Home science: soda battery
Learn about the charging power of soda!
Warning: only under adult supervision.
- two small glasses;
- two galvanized screws;
- two copper coins;
- crocodile clips;
- digital alarm clock.
Connect a copper coin to a galvanized screw using a crocodile clip. Put the coin in one glass, and fix the screw to the wall of a second glass. Using crocodile clips, connect another screw to the “–” terminal of a digital clock, and another coin to the “+” terminal. Put the second coin in the glass with the first screw, and fix the second screw on the wall of the glass with the first coin. When the glasses are filled with soda, the clock starts working!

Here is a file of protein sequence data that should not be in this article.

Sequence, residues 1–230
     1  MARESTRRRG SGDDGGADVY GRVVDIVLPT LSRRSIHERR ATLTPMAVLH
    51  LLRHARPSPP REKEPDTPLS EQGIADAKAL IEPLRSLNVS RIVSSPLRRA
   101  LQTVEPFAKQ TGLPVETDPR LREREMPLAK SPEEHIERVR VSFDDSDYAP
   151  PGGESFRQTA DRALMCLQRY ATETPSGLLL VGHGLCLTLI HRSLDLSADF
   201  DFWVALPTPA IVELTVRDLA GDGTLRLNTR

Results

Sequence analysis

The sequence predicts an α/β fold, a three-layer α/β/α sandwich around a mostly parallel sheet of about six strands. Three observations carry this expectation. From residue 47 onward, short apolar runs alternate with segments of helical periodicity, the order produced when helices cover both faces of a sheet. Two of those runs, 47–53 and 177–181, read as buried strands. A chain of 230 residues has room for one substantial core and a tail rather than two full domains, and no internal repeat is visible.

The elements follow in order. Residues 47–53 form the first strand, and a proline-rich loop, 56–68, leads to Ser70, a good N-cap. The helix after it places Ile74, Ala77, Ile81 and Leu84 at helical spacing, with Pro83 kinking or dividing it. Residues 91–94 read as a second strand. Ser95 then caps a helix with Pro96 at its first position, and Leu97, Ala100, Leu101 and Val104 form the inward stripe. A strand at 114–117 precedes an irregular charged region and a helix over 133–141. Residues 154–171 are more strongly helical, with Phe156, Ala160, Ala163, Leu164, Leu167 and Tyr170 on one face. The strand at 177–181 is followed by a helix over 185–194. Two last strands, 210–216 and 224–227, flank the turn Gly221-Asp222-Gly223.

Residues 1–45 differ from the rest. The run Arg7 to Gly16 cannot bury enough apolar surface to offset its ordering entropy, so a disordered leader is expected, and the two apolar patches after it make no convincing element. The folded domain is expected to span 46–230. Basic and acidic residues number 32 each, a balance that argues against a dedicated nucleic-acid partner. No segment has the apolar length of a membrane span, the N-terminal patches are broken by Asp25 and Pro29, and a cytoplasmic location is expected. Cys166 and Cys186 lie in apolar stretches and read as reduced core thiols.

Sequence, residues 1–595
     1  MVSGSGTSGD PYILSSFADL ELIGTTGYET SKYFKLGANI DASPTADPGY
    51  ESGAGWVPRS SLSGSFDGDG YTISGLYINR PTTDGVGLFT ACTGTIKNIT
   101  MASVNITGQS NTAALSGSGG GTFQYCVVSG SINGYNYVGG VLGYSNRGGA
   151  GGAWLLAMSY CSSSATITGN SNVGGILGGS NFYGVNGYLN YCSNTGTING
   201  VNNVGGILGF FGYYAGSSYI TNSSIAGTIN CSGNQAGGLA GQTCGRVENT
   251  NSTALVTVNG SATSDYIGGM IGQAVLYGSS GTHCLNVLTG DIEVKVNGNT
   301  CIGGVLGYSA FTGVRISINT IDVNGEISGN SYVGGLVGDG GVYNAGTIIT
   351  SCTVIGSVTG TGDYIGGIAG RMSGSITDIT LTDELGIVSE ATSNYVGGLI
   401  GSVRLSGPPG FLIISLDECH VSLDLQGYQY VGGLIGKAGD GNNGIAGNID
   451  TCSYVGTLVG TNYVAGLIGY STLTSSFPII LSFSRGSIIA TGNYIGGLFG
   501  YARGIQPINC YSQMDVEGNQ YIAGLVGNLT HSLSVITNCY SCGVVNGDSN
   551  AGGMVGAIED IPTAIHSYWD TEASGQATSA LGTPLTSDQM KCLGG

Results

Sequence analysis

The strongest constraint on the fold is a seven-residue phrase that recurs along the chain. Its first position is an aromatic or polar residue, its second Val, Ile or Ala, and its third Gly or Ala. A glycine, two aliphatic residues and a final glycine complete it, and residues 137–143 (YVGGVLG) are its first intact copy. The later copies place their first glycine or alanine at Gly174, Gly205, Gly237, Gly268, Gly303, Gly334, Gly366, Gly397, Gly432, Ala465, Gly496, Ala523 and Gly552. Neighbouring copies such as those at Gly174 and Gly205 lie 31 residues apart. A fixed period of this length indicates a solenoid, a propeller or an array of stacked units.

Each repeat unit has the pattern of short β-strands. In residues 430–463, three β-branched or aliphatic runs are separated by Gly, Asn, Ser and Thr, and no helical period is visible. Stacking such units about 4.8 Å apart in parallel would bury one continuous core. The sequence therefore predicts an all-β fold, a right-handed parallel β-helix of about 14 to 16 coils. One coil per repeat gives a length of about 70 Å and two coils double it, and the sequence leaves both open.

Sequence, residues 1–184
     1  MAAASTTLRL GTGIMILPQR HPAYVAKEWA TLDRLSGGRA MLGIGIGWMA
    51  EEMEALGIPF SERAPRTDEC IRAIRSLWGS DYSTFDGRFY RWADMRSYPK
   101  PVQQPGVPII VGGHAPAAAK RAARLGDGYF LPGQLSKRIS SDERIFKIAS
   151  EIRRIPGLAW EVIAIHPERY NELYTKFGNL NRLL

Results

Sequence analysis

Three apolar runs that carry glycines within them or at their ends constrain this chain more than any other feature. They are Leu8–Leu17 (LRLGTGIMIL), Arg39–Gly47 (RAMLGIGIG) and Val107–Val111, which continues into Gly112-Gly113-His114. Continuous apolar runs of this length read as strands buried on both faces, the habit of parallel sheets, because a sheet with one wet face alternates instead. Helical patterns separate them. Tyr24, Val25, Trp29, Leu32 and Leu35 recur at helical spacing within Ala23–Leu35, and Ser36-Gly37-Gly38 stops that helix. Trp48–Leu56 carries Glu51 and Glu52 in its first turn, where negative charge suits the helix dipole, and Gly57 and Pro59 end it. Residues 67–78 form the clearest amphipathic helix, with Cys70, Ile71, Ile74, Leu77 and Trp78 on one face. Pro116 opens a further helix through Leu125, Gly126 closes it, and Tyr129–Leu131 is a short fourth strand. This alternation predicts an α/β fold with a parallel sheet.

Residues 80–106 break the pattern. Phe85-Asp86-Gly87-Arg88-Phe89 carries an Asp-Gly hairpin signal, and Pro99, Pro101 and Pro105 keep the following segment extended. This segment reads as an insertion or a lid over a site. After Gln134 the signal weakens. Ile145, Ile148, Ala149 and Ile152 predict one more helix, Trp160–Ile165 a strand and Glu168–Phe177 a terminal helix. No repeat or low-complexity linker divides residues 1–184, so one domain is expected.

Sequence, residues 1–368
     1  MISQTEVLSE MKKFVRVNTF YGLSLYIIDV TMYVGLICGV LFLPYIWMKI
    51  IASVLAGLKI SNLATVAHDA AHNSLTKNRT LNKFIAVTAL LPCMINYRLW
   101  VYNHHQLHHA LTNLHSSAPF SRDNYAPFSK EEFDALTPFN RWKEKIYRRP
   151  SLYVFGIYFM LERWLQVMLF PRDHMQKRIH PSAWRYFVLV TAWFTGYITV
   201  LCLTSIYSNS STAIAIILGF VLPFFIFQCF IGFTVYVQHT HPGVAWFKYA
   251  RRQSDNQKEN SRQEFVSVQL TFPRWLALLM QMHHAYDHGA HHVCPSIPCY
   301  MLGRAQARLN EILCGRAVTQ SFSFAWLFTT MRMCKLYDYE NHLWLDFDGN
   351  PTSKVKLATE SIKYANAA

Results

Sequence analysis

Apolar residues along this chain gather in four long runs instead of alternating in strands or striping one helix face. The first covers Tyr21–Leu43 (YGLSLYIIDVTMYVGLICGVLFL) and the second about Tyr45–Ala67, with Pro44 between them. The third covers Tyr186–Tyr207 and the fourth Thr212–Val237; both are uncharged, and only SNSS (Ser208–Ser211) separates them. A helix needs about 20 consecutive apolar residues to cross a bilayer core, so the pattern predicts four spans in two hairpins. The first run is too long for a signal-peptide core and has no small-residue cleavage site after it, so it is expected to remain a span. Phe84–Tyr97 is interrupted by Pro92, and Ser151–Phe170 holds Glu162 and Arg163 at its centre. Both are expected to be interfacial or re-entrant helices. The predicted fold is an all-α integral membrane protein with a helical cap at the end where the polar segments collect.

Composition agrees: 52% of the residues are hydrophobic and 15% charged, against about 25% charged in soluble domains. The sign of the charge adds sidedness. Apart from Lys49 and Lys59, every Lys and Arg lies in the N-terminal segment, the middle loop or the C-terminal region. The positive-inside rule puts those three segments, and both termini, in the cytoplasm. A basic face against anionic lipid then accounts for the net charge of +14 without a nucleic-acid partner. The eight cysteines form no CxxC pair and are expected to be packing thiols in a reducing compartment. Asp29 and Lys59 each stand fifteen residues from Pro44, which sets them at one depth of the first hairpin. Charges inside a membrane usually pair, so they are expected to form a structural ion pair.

Metal screws are often coated with zinc to prevent them from reacting with substances from their environment (for example, oxygen and water) via a phenomenon known as corrosion. Such screws are said to be “galvanized.” Meanwhile, soda contains what is known as acidity regulators, often either citric or phosphoric acid. These substances make the acidity of the drink suitable for our bodies. When the circuit is closed, these acidity regulators react with zinc and copper, electric current begins to flow through the circuit, and the clock starts working! The galvanized screws can be replaced with another metal, such as iron, but this will diminish the voltage of the “battery” as iron is less chemically active than zinc. You can confirm this by comparing the positions of zinc and iron in the electrochemical series.
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